An 11-year old girl wakes up, gets dressed, and is driven to her middle school by her mother. Her day is much like any other day until she feels something warm and liquid in her pants. Terrified that she has urinated on herself, she asks the teacher to use the bathroom and nearly sprints to the first stall she can find. Her worst fears turn to nightmares as she discovers that it is not urine that is in her underwear, but blood.
As of 2018, 38 states still place their sales tax on feminine hygiene products, falling in line with the aforementioned argument: removing a tax will effectively increase the overall tax and create deficits in tax revenue. Assemblywoman Cristina Garcia argued that, according to New York officials, its repealment of placing a sales tax on feminine hygiene products would save the consumer about $10 billion a year. This is about half of the revenue that was brought in annually when the tax was in place. So now this becomes a question between what legislators find to be more important, the welfare of its people or its own pockets.
Professional women are often seen by their peers as weaker and more erratic due to their periods. An example is when President Donald Trump suggested that Fox debate moderator Meghan Kelly must have had “blood coming out of her whatever” when she rebutted one of his points. The people in power are actively against normalizing menstruation on a legislative level. The push to end the sales tax on feminine hygiene products and the push for free hygiene products in schools, clinics, and other public spaces has grown over the past decade on social media.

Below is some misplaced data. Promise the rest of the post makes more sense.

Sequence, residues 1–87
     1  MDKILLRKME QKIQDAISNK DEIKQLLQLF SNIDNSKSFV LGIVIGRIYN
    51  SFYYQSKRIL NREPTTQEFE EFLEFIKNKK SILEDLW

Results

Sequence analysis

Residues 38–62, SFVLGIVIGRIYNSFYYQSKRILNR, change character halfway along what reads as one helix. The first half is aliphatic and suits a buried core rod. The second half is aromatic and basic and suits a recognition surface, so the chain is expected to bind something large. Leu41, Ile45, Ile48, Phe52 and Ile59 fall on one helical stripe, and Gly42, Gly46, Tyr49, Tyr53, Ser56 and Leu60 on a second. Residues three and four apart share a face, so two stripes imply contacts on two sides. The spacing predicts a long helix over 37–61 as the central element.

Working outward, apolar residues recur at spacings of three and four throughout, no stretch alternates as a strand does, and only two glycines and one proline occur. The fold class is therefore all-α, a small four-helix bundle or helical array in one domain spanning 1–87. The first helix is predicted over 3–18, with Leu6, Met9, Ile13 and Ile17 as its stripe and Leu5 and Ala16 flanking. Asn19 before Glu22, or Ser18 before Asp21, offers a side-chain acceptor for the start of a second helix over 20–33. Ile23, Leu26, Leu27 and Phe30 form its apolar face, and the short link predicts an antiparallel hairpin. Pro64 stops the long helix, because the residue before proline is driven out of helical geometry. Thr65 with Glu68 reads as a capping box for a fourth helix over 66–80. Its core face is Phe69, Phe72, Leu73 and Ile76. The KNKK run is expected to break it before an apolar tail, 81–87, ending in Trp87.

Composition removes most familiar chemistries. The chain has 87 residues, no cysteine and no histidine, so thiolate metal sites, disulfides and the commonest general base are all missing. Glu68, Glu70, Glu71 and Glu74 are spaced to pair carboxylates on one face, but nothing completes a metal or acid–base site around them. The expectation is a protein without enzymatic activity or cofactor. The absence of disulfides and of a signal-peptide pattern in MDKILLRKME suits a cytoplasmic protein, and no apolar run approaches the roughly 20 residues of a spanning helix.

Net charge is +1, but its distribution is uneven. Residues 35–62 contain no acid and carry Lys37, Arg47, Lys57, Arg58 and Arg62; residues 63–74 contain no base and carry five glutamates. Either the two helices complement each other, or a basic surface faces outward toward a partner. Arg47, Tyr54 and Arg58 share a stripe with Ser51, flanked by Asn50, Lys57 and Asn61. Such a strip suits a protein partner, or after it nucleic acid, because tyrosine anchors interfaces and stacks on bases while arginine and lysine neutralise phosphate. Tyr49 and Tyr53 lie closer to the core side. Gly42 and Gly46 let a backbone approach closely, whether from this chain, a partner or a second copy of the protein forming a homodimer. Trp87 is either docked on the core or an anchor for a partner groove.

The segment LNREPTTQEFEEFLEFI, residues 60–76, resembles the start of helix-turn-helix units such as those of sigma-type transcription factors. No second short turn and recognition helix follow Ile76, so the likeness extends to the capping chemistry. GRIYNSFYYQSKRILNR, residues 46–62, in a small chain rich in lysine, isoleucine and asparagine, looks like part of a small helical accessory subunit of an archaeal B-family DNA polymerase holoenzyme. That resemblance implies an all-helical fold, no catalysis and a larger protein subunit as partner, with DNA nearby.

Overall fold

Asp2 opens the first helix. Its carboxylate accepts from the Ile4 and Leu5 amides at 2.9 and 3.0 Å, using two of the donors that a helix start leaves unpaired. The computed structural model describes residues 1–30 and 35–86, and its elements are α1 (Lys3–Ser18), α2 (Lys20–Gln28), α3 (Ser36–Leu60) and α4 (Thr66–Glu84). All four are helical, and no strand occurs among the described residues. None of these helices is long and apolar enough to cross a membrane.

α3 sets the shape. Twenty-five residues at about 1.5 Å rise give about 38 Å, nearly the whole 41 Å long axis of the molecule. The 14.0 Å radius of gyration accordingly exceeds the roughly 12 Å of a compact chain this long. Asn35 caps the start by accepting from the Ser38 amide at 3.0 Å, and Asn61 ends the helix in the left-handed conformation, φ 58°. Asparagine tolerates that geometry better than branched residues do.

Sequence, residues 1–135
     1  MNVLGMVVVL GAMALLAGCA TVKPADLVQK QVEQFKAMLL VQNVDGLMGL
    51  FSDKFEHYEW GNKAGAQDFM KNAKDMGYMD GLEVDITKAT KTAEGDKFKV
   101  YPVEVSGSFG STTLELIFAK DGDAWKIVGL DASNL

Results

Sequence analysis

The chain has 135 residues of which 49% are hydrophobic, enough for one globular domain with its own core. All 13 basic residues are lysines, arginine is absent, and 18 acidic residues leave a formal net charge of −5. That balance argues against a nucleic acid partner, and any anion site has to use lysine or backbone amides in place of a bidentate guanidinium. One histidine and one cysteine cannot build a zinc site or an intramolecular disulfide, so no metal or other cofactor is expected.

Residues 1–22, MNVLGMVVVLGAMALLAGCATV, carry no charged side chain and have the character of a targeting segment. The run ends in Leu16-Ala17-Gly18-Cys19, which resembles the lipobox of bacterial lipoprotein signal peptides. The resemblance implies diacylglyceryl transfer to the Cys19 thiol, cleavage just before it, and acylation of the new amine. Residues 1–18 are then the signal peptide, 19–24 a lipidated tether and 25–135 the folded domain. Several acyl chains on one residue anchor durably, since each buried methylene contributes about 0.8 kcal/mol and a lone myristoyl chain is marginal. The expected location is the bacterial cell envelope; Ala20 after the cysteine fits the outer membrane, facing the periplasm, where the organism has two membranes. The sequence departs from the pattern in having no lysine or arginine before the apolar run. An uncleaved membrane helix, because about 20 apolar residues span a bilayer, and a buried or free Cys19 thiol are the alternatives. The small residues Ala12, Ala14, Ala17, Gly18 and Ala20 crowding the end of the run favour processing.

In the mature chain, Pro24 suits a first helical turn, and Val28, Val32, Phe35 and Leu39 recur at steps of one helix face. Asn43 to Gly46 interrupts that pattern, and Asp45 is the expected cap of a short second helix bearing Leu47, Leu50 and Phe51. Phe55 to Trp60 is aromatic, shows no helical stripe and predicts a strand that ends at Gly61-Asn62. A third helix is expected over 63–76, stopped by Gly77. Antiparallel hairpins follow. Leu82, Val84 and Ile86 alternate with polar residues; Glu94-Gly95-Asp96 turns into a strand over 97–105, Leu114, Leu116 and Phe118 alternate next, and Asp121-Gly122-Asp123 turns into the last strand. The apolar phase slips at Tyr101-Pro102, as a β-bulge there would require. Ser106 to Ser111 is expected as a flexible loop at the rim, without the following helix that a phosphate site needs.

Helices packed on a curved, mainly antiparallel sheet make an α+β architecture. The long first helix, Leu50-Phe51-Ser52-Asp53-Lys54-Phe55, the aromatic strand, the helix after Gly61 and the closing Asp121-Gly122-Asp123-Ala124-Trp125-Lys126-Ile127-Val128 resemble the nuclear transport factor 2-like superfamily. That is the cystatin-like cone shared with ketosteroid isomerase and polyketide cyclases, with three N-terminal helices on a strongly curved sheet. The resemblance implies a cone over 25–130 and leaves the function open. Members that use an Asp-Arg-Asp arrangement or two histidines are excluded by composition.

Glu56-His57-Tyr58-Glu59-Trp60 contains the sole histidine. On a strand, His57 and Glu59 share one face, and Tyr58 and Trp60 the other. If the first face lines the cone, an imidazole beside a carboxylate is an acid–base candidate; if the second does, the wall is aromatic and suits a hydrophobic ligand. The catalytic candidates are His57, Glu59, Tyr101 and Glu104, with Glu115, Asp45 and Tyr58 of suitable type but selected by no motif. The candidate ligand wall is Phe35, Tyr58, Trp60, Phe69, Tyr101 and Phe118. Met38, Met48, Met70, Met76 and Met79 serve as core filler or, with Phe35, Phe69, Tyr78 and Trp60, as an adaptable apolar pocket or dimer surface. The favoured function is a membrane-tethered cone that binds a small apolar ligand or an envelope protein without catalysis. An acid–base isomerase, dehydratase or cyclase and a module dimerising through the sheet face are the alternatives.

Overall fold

Currently, in the United States, goods that are considered a necessity, such as clothing, foods, and medicines, are exempt from sales tax where other goods, considered luxury items, have a sales tax of an amount determined by the state. In truth, there are no unique tax rates for feminine hygiene products; they just merely fall into the same category as other goods that have a sales tax placed on them.
Critics of removing sales tax from the purchase of feminine hygiene products say that this will cause an increase in the overall tax rate to compensate for the loss. This argument, however, does not hold weight when considering that erectile dysfunction drug, Viagra, is not taxed. The difference lies in the fact that Viagra is a prescription drug, while feminine hygiene products are placed next to our soap and toothbrushes in the aisle. According to tax consultant Diane Yetter, “menstruation isn’t considered a disease or illness. Tampons and pads are often included in the category of grooming and hygiene products.” However, due to the specificity of the product, placing a sales tax on feminine hygiene products creates a market operated by the state to profit off of the menstruation cycles of its female populace.
The stigma placed on cramping, bleeding, premenstrual syndrome, and society’s expectations of how a woman should deal with all of this plays a major role in the real-world actions that occur that make having a period all the more unbearable for women. While their male counterparts in high school are given condoms, lubricating oils, and dental dams en masse, female students are forced to buy feminine hygiene products. According to research conducted by Euromonitor, consumers spent about $3.1 billion on feminine hygiene products in 2016. This major parallel portrays a systemic issue bred by misogynistic views on womanhood and menstruation.
Tampons and pads are necessary for women as they do not just help keep them hygienic but also healthy. Critics of repealment fall under the umbrella of people who believe that any fight for rights is somehow taking away from the liberties of the majority. That’s because a period happens naturally, a woman should naturally be equipped to deal with, and pay for, all that comes with it. However, what these people fail to realize is that they are fueling, advocating for, and perpetuating a system that seeks to disadvantage women because of their menstruation cycles. And this system starts with a bowl full of condoms at the Student Health Center versus the tampons and pads in vending machines being sold for $6.